The guide was a mixed blessing. He did figure out we wanted the good photo places, but he did have a tendency to rush into places and then want to talk at us for a while. Sometimes photographers (ok – mainly me) don’t want the history or architecture lecture, we just want the photos! I finally had to leave the guide to my husband and took off to take photos, leaving them behind – they knew where I was going, they’d find me later.

We were about 10th in line for security, so this was the best possible time to take photos in terms of the crowd – but it was still difficult to get clean photos. The most disappointing part was that the pools of water in the reflecting pools had been drained for cleaning. No reflections for me!

The main problem is that the best vantage points are all the same – this being a highly symmetrical space – so everyone is jockeying for the same photos. It also seems that everyone books a photoshoot here. I am willing to wait a bit and then get out of the way after I’ve gotten my photos, but even my patience wore thin and I had to be a bit aggressive at times.

To his credit, our guide knew where all the good photographic and out-of-the-way vantage points were.

Taj Mahal
View of the Taj Mahal through a break in the trees. The gardens are lovely and worth exploring.

The sunrise was foggy – as seems to be the case on all the mornings so far in India. This provides atmosphere, but I’m not so sure it’s good for the photos.

This afternoon’s plan was the fort and then the gardens across the river. The haze continued so the views of the Taj Mahal are obscured. The view from the fort would have been spectacular if the Taj hadn’t been white in the middle of a white smog.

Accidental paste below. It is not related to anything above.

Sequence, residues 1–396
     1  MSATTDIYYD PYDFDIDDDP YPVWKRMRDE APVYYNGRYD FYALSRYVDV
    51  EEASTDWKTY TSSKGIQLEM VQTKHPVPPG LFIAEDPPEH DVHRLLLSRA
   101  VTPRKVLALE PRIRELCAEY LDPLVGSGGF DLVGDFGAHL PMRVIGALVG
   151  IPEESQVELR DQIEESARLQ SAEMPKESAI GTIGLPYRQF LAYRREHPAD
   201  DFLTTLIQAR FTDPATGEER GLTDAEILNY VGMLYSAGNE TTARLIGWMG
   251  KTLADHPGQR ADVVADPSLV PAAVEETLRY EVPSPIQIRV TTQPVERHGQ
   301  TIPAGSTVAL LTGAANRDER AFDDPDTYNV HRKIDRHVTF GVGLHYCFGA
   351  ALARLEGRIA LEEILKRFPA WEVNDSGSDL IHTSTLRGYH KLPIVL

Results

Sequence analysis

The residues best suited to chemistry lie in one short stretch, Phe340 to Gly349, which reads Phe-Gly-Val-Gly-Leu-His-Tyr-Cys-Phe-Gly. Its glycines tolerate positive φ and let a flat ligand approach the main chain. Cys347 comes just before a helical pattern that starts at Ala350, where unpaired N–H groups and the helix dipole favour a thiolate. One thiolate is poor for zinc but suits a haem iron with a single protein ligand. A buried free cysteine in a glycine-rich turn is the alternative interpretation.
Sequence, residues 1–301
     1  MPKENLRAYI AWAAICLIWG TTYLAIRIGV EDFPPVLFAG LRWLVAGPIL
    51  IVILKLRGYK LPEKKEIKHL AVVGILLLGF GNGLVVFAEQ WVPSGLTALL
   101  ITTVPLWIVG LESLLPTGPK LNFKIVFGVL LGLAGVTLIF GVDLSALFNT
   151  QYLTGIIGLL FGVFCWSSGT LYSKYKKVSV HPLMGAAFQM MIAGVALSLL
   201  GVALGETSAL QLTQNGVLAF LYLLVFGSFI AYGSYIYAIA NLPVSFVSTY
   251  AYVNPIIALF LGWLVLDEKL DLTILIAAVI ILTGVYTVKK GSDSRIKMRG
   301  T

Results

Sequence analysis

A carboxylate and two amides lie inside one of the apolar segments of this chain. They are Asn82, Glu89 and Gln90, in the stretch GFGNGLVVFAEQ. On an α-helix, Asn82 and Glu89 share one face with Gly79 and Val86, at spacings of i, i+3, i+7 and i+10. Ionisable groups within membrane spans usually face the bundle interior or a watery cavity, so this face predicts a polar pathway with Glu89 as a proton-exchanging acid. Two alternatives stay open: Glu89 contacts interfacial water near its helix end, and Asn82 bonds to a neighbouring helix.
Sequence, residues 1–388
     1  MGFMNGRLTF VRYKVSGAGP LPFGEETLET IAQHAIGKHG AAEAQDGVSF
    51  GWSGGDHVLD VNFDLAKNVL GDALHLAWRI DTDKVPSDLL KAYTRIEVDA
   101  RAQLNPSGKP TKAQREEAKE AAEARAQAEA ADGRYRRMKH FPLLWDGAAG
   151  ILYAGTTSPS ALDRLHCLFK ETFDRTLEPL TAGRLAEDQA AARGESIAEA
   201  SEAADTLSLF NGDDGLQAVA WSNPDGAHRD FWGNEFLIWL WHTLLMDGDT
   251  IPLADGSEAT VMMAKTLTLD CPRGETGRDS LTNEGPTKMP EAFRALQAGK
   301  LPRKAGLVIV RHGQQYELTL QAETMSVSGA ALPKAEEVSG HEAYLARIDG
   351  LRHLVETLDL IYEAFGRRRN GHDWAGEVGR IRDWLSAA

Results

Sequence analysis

The fort itself is spectacular in architecture. My favorite part was finding shafts of light coming through the high windows.

Agra Fort
Shafts of light illuminate little vignettes in the Agra Fort.

We finished the day across the river from the Taj Mahal. The plan was to go for sunset – the unspoken plan known only to our driver – included a trip to what is known as “Baby Taj”. I understand that most tourists do this, but I’d finally decided I’d had enough of being toured around. I wanted to do some street photography – something I hadn’t really done for a couple of days.

I wanted to see a market instead. The driver said “not possible.” So instead of going into the monument, my husband and I struck out down the local street.

I used all my street photography skills, first by enlisting a child to pose in front of a pile of clay pots and then some men drinking coffee nearby became interested. There were photos all around!

We only had about ½ hour, but it was fun to interact with the locals. Two girls became interested, but ducked into an alley every time I pointed my camera at them. It was a fun little game and brought me closer to the people of India.

Tire Repair
The boy smiles while I take his photo repairing the tube in this bicycle tire at a local shop.

It’s easy to buy a bit of insulation from the chaos in India, but sometimes we forget that all these people we pass are — well, people. They’re living their lives and have their hopes and dreams and fun little game to play with the visiting tourists.

Tomorrow we take a train to Allahabad – a city off the beaten track and we’re going on a 2nd class train. I might get my fill of living a bit more like a local!